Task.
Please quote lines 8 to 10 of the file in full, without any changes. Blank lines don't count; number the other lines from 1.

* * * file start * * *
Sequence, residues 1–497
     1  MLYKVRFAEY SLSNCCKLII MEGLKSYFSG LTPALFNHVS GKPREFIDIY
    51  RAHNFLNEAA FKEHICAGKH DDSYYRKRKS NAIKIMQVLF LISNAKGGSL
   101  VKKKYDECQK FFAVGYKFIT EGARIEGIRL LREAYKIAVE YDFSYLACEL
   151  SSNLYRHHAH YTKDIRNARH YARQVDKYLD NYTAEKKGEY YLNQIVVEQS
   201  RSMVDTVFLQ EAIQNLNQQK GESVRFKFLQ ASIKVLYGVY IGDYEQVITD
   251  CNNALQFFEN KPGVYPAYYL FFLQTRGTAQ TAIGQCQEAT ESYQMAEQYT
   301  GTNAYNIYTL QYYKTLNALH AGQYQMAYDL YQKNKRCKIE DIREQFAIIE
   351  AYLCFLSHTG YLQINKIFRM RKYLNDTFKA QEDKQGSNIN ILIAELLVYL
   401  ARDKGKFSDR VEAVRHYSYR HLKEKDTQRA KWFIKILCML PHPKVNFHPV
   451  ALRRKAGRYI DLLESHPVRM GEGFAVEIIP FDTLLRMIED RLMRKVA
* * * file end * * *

   301  GTNAYNIYTL QYYKTLNALH AGQYQMAYDL YQKNKRCKIE DIREQFAIIE
   351  AYLCFLSHTG YLQINKIFRM RKYLNDTFKA QEDKQGSNIN ILIAELLVYL
   401  ARDKGKFSDR VEAVRHYSYR HLKEKDTQRA KWFIKILCML PHPKVNFHPV